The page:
Did you notice your Facebook Newsfeed got a lot more positive or negative? Or did you get the message 2 years ago you were being locked out of Facebook unless you proved to be real, i.e. not a robot? Then you probably were a subject in a Facebook Data Science experiment. The news broke this week: Facebook has been experimenting on millions of users without their informed consent. The company claims you gave your consent by agreeing to its Terms of Service, which state that data may be used to improve Facebook’s products. Who is Facebook kidding? First, you and I did not agree to manipulation of our social media environment – instead we agreed to Facebook observing our natural interactions and analyzing its patterns. Second, how exactly does manipulating the mood of our newsfeed help Facebook “improve its products”? Instead, this is social science research, where getting answers to very interesting questions (how does your friends’ mood affect you?) should be balanced with the rights of human subjects whose feelings are being manipulated. But how can we achieve such balance?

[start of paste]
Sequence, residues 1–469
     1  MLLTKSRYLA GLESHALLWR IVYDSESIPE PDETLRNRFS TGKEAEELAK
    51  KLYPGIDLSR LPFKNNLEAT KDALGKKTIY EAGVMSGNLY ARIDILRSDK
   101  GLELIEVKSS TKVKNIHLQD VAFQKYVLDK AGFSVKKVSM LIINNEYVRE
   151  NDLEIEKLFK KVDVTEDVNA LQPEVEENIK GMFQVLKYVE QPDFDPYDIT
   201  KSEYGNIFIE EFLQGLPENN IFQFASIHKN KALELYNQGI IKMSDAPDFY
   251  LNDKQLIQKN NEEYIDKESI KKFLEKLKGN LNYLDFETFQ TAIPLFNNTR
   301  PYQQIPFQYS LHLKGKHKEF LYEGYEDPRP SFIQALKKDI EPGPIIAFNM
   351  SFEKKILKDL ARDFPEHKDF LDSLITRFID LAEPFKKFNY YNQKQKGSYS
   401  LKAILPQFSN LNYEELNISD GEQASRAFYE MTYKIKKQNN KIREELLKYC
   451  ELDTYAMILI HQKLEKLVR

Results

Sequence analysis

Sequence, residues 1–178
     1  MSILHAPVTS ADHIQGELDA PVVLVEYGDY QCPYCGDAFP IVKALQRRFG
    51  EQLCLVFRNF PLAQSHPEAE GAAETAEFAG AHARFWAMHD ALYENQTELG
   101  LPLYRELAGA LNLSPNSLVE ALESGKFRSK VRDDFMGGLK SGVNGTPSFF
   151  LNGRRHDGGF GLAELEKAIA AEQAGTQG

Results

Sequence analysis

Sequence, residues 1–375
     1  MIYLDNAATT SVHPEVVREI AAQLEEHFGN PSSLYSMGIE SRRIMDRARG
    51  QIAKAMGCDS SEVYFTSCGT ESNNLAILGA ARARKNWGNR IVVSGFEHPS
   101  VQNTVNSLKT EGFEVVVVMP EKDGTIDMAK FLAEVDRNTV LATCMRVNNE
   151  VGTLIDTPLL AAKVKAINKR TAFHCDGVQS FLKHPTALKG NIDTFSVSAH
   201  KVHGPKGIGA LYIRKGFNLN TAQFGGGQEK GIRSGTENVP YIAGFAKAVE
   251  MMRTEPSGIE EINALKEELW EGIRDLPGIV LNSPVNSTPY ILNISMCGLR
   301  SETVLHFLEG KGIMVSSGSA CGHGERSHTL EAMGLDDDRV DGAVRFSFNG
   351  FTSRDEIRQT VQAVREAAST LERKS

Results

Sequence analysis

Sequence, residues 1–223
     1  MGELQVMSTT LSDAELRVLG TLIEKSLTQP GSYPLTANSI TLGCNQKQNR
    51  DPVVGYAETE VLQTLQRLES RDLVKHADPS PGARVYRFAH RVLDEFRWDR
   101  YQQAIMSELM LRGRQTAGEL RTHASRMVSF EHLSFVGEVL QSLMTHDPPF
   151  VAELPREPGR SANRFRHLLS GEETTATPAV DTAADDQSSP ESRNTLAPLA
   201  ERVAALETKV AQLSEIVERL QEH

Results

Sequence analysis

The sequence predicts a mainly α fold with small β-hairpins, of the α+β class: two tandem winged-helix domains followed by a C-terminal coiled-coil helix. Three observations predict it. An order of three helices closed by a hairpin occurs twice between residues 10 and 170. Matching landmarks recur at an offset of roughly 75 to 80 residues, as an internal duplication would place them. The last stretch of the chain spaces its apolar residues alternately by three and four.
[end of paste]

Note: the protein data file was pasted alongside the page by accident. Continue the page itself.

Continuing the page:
We know the answer, and so should Facebook. Academics in biomedicine, marketing and psychology have wrestled with the issue of human subjects ethics for decades. Every researcher in these fields needs to get explicit prior permission from the university’s Ethics Board. Besides not (physically or emotionally) harming human subjects, informed consent is considered crucial in getting such permission. Instead, at Facebook’s data science team, “there’s no review process, per se, and anyone on that team could run a test” according to Andrew Ledvina, a Facebook data scientist in 2012-2013 (http://online.wsj.com/articles/facebook-experiments-had-few-limits-1404344378?ru=yahoo%3Fmod%3Dyahoo_itp#). Facebook says it has now adopted stricter guidelines and a panel of internal experts in fields such as privacy and data security. However, I suspect Facebook would be even better off by hiring PhDs that have learned human subjects ethics in their fields, i.e. biomedicine, marketing and psychology. Instead, the recruitment ads for their Product Science team ask for PhDs in ‘computer science, sociology, information, statistics, physics or related fields” (https://www.facebook.com/careers/department?req=a0IA000000CzAdDMAV). With all due respect to these fields, they typically don’t train their students in the ethical balancing act of manipulating people’s emotions. We need to channel less Saruman and more Gandalf in our care for the “subjects” we study.